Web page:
The power of Yes

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When my daughter was young, she would often spend weekends or holidays with her grandparents. One of Grandma Jan’s favourite sayings was, “this is a YES” house. That meant that both grandchild and grandparents shared responsibility for having a positive, enjoyable time together. “Hayley, time to get ready for bed!” “Yes, Grandma. And can I have an extra story?” “Yes!”

I have the same outlook on creating a positive school environment – one where there is shared responsibility among staff and students for making things possible. I have always preferred to give students opportunities to try showing me that they can do something, rather than saying they can’t. For instance, we have students who make our morning announcements each day. One day someone commented that it was sometimes difficult to hear the students if they talk quickly or hold the microphone too far away, and that it would be better for me to do them. Forever a teacher, however, I replied that we would just work on teaching the students to slow down and speak up. “Mrs. Davison, can we keep doing the announcements?” “YES! Can we listen to yesterday’s so that you can hear what you might need to improve?” “YES!”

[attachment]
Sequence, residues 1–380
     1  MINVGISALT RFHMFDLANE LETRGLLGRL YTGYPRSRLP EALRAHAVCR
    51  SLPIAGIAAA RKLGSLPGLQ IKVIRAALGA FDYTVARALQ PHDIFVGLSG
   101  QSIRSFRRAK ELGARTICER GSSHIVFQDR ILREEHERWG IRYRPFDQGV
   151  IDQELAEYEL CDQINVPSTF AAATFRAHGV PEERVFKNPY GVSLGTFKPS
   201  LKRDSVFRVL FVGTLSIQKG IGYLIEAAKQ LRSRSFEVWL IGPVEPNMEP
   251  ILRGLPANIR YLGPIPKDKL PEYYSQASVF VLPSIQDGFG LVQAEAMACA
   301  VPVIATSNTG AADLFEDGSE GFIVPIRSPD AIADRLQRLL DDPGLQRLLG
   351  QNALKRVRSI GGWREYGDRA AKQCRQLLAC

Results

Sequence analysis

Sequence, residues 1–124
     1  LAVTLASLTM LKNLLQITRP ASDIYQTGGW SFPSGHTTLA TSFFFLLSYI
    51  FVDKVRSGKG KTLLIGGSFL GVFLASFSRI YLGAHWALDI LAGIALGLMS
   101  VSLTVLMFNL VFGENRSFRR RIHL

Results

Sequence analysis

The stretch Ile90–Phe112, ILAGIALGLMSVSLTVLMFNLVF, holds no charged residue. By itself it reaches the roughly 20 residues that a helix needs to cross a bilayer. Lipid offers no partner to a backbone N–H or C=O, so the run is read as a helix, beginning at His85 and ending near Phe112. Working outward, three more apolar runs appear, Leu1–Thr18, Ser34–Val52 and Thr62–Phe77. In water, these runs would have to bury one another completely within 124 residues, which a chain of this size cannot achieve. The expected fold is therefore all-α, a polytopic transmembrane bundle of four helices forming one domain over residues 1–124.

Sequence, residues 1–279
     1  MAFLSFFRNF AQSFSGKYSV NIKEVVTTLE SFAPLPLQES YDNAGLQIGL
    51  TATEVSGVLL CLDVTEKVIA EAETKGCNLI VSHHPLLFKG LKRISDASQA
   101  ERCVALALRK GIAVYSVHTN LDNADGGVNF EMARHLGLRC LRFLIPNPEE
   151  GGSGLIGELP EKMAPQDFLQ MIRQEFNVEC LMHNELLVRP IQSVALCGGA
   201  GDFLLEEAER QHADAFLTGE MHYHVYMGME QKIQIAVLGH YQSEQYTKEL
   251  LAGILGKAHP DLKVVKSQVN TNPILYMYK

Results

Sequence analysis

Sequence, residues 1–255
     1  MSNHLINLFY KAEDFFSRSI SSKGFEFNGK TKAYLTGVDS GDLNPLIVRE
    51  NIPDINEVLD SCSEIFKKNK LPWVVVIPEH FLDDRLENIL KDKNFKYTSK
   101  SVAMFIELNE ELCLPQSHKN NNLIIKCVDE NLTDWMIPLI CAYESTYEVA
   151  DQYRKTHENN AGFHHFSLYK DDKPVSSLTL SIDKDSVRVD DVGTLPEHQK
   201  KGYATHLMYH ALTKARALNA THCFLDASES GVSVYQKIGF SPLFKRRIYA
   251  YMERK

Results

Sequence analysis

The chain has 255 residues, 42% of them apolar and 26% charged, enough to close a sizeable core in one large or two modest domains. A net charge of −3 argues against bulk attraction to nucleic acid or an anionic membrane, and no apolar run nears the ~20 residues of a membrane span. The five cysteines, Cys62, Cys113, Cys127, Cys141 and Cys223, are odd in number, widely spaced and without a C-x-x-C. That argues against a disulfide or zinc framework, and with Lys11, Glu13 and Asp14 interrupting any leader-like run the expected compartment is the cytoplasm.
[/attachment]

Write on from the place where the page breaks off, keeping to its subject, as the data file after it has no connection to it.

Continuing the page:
There is research to support the relationship between positive interactions and personal effectiveness, and not just in schools:
(from Dewhirst and Davis, presentation to 2011 National PBIS Leadership Forum)

Business Teams: (Losada, 1999; Losada & Heaphy, 2004)

High Performance = 5.6 positives to 1 negative
Medium Performance = 1.9 positives to 1 negative
Low Performance = 1 positive to 2.7 negatives

Successful Marriages: (Gottoman, 1994)

5.1 positives to 1 negative (speech acts) and
4.7 positives to 1 negative (observed emotions)

Creating a “yes” environment in school also supports student and staff motivation. Daniel Pink tells us that a sense of autonomy is key to motivation, so when students have ideas for guiding their own learning or following an area of interest, we should be finding any way possible to say “yes”. The same goes for staff – teachers and other staff deserve to have a workplace where their ideas and creativity are supported whenever possible. The contribution to the life of the school and the energy that saying “yes” can create is undoubtedly beyond valuable.

So here’s the catch. Saying yes requires flexibility, in order to adapt to a new idea or path to follow. Saying yes requires selflessness to put someone else’s interest before your own. Saying yes also requires work (more often than not), but you’ve probably heard that “the things in life worth doing are hard”. So go for it. Say yes.